Brazil Tech Round-up, Jun. 21, 2019 | Award-winning fintech

. Jun 21, 2019
brazil tech roundup

Good morning and welcome to the very first edition of the Brazil tech round-up! Every Friday, we’ll be bringing you up to date with the big tech and start-up stories and events in Brazil. This week, we’re looking at how Brazilian tech teams are faring in global challenges and the Google station arriving in Latin America’s biggest market. Happy reading!

Brazilian fintech Din Din runner up in Visa Everywhere Initiative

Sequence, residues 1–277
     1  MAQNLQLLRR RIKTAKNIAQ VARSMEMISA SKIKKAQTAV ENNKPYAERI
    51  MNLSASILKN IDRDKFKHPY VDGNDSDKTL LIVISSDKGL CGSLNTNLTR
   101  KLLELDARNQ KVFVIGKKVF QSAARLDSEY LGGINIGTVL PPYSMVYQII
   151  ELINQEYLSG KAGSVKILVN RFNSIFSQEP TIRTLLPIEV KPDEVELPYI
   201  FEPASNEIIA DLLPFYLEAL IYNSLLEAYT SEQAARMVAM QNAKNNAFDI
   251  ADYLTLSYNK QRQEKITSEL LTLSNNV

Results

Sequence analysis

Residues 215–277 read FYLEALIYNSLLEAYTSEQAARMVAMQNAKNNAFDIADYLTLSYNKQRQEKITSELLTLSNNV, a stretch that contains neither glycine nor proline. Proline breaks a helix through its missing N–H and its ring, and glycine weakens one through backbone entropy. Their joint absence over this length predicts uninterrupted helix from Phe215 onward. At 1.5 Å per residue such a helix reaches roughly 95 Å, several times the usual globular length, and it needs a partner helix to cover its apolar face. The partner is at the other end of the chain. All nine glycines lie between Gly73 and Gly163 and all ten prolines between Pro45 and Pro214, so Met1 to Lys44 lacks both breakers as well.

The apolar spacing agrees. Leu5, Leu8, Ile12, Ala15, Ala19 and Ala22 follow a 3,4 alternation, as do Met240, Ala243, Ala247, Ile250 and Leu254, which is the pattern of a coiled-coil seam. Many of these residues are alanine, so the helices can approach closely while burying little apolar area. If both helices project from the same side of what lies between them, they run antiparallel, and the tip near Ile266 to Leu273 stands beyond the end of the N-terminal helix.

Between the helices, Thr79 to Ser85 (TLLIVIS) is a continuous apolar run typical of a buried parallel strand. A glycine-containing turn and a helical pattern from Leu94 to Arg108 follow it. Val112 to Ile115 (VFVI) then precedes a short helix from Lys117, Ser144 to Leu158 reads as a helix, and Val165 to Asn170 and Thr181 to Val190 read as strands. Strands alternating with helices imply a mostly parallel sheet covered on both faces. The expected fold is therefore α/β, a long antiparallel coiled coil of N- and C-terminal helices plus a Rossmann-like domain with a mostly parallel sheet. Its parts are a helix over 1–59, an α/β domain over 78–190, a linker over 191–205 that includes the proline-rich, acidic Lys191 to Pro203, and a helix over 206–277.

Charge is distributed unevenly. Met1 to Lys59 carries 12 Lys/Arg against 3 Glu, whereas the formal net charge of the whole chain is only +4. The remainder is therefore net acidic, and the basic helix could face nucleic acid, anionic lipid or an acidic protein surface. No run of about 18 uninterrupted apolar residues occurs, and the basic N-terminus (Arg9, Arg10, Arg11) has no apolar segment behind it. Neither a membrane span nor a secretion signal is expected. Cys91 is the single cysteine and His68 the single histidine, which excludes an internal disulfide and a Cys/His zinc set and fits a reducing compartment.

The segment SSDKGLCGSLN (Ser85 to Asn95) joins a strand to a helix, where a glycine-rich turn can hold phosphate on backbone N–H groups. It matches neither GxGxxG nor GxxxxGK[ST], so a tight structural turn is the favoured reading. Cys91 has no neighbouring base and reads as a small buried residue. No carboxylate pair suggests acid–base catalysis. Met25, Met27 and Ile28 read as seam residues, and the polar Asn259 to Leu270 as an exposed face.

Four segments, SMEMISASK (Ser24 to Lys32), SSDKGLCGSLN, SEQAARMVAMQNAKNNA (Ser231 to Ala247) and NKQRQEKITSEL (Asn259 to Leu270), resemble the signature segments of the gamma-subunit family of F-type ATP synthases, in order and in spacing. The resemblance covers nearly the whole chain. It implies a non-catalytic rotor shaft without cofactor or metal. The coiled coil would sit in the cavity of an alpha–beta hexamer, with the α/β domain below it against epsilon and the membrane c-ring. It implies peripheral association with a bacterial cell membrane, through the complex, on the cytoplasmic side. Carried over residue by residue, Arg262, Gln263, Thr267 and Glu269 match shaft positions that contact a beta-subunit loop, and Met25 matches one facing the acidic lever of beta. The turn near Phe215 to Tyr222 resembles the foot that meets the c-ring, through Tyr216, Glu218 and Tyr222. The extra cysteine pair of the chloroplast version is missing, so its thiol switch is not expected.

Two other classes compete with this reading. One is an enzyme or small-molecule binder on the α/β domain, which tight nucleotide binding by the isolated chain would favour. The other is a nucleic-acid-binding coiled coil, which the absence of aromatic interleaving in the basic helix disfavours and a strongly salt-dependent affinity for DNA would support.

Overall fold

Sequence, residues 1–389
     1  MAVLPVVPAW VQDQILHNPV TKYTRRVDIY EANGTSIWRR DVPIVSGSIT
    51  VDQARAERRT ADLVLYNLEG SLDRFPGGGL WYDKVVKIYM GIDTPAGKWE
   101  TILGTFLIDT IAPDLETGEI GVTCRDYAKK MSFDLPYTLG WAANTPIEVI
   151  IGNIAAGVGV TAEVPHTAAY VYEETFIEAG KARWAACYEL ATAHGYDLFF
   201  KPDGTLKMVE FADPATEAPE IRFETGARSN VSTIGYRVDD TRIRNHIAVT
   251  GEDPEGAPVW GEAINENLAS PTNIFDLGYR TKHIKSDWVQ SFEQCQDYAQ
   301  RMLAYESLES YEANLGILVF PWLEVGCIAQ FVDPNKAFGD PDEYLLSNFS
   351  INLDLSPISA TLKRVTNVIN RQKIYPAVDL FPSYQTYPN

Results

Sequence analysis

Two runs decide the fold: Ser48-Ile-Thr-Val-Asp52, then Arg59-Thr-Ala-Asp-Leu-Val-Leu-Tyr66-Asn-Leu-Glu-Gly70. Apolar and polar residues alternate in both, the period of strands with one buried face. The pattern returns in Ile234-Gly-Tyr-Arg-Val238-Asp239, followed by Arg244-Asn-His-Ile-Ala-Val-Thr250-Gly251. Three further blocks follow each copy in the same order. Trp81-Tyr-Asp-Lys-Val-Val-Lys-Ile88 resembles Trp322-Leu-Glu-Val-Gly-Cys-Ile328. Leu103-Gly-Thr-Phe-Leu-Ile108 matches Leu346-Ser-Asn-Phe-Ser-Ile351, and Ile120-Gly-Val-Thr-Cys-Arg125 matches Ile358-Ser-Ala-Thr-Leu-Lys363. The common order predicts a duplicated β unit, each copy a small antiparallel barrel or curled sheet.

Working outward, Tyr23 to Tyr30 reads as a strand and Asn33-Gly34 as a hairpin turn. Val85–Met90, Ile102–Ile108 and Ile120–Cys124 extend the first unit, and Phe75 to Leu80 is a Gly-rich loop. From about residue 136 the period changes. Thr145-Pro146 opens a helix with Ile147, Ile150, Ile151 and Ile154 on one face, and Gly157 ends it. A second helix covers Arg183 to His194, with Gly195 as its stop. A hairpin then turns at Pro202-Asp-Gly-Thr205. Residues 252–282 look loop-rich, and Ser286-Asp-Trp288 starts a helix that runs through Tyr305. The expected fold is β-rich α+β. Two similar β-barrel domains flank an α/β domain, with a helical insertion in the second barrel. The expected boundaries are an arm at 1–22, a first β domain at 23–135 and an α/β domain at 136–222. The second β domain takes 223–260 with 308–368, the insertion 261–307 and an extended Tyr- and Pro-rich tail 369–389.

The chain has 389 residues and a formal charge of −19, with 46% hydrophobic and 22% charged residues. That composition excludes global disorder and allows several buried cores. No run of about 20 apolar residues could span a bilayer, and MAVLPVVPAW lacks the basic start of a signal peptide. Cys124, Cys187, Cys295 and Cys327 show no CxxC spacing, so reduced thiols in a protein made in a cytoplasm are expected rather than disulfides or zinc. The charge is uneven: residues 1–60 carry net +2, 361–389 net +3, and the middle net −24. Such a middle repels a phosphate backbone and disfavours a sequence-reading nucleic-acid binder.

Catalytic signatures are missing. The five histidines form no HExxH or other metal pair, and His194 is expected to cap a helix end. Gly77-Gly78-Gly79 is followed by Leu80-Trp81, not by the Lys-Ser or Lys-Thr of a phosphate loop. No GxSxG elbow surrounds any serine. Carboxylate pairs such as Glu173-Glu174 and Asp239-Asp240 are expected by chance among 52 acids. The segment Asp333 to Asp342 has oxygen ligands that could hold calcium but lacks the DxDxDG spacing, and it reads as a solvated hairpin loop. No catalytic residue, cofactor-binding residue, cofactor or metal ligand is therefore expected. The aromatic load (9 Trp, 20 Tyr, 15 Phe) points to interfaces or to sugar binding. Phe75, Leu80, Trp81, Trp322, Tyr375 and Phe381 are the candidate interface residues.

Stephanie Fleury, CEO of fintech startup DinDin, just flew back to Brazil after participating as a finalist in the Visa Everywhere Initiative: Women’s Global Edition, which was held in Paris. The global challenge was open to female entrepreneurs with projects focused on social impact in the fintech world.